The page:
Alas, Moran complained, “nothing is left out but cleanliness.” Bedbugs soon brought American fumigators with their DDT sprayers—too late for Churchill’s badly gnawed feet, although a bigger, bug-free bed was shipped by special train from Moscow. Generals and admirals now shared cells built for serfs—“We sleep in droves like prep school boys in dormitories,” one officer wrote his wife—and just two bathrooms with cold taps served the entire villa. Sarah wrote her mother of seeing “3 field marshals queuing for a bucket” to relieve themselves. Yalta, the prime minister would harrumph, was surely “the Riviera of Hades.” Perhaps only Brooke was happy: “I picked up a great northern diver, scoters, cormorants, many gulls and other diving ducks,” he told his diary. “Also dolphins feeding on shoals of fish.”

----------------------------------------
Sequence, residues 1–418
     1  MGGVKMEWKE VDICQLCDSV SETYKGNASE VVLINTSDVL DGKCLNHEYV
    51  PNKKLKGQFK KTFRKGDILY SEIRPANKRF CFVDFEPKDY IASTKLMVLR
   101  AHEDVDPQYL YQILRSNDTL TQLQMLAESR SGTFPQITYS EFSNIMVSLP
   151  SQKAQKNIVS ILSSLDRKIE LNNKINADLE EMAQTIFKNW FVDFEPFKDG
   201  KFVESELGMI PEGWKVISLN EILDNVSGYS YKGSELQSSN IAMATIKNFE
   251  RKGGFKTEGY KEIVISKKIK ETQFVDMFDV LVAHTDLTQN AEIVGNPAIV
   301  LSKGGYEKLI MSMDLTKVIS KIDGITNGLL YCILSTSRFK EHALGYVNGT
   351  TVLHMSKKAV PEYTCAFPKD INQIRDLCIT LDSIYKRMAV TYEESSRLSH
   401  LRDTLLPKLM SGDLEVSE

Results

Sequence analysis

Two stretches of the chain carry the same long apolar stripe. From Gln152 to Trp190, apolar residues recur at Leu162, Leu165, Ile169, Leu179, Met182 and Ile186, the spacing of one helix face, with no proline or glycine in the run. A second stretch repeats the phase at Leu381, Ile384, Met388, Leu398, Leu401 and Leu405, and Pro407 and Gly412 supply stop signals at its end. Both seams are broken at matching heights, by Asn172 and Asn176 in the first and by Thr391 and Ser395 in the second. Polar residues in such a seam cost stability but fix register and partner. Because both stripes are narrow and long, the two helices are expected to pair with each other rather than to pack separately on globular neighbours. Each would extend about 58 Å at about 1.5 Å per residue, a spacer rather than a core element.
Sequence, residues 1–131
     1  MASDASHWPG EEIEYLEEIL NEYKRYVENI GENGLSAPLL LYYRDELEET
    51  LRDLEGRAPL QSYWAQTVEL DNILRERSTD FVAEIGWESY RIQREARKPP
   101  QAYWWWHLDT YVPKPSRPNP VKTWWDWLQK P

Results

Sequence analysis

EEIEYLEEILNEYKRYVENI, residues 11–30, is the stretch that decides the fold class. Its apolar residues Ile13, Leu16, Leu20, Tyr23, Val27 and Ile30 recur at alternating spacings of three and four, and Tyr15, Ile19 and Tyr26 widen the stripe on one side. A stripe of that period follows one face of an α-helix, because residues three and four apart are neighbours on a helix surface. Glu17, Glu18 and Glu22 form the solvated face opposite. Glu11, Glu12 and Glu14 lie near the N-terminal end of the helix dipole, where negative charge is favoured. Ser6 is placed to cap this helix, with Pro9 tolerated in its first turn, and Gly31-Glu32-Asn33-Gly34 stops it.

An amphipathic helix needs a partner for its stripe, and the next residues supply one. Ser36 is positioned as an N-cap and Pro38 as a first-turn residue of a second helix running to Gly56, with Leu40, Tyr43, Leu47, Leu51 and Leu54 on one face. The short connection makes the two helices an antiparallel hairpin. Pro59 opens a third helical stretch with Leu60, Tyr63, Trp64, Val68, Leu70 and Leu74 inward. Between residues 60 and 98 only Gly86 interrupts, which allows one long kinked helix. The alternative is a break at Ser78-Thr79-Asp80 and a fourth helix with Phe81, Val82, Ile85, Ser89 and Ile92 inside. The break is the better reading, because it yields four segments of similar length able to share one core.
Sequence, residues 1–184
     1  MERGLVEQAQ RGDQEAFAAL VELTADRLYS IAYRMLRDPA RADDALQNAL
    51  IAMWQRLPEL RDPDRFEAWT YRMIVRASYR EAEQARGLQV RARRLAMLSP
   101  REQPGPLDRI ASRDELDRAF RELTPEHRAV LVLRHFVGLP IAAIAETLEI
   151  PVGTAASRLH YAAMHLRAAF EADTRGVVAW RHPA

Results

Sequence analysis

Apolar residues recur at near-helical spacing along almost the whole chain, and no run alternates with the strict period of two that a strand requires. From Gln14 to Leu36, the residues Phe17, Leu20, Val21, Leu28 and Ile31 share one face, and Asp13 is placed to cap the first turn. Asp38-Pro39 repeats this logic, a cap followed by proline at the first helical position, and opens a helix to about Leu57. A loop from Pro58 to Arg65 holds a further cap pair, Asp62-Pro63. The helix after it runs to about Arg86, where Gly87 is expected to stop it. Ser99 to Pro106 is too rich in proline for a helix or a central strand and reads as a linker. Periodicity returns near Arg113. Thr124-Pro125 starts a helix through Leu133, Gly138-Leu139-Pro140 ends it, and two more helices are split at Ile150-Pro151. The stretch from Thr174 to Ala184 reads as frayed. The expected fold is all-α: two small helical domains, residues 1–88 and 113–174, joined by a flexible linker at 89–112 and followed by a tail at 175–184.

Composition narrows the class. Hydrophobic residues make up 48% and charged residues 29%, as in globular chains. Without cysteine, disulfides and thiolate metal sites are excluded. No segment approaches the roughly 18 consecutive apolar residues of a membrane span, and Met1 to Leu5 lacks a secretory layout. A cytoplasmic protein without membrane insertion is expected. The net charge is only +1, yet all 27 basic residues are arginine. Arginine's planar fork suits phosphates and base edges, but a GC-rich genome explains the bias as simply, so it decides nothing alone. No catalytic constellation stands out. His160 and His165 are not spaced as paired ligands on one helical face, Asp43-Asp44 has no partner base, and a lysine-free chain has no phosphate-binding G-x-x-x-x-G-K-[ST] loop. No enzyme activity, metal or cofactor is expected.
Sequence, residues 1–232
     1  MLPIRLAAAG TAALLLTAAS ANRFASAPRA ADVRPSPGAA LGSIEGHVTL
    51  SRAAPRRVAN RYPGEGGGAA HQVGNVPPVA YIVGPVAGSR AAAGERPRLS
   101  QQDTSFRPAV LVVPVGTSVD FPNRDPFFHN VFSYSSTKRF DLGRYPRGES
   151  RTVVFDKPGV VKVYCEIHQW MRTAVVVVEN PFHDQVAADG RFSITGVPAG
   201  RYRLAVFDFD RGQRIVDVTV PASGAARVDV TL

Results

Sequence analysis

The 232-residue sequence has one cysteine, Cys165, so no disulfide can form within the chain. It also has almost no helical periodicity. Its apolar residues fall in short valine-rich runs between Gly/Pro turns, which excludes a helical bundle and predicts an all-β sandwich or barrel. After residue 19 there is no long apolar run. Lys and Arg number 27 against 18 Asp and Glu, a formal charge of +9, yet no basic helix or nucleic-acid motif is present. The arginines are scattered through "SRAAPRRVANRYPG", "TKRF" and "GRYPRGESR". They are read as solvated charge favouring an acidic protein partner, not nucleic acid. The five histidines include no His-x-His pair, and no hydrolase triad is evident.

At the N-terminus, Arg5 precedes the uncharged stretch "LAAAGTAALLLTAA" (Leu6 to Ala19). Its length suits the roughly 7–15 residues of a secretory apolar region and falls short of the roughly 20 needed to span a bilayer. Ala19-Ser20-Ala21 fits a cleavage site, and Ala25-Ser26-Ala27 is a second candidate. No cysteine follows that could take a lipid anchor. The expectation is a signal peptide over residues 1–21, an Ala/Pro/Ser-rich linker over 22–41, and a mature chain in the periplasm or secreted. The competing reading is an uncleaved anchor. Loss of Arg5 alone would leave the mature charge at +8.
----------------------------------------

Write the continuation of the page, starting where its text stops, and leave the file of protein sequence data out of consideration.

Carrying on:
Ten miles away the Americans settled into the fifty-room Villa Livadia, a two-story, flat-roofed palace of limestone and marble set on a sea bluff. Suitcases and musette bags were piled in the grand foyer, as the travelers arrived to be greeted by servants who bowed at the waist and addressed Roosevelt as “Your Excellency.” (“The president did not seem displeased,” one general noted.) Here too the guests found an odd mixture of elegance and inconvenience. Waiters in swallowtail coats carried silver trays with little cakes and scalding tea in tall glasses, and caviar hillocks seemed to rise from every oak table. In a makeshift salon, a Russian barber and manicurist stood ready to groom the Americans, and the lush grounds around Livadia offered fifteen kilometers of walking paths lined with cedars, yews, and black cypresses shaped like exclamation points. Yet only four bathtubs and nine lavatories served more than one hundred Americans living on two floors in the villa; cards thumbtacked to the doors listed bathroom assignments by age, rank, and sex. (The president’s daughter, Anna, was one of two women in the traveling party.) For the impatient, auxiliary latrines were dug in a nearby deer park. A notice to all delegates asked, “Please do not pilfer rooms and dining services for souvenirs.”